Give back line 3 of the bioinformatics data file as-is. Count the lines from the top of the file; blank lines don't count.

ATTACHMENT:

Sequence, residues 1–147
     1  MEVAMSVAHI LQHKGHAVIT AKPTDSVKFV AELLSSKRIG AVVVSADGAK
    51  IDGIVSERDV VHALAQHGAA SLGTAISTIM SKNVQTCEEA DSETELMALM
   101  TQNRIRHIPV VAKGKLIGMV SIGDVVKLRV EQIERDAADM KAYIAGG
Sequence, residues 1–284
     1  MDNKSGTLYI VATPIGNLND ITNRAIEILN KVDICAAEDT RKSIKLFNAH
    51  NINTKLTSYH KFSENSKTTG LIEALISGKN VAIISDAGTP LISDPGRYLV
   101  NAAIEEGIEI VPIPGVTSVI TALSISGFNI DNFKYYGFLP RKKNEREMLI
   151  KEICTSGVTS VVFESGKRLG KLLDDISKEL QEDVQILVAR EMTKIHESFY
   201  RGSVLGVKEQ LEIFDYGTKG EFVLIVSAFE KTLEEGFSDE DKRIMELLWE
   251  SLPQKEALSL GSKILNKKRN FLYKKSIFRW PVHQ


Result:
    51  IDGIVSERDV VHALAQHGAA SLGTAISTIM SKNVQTCEEA DSETELMALM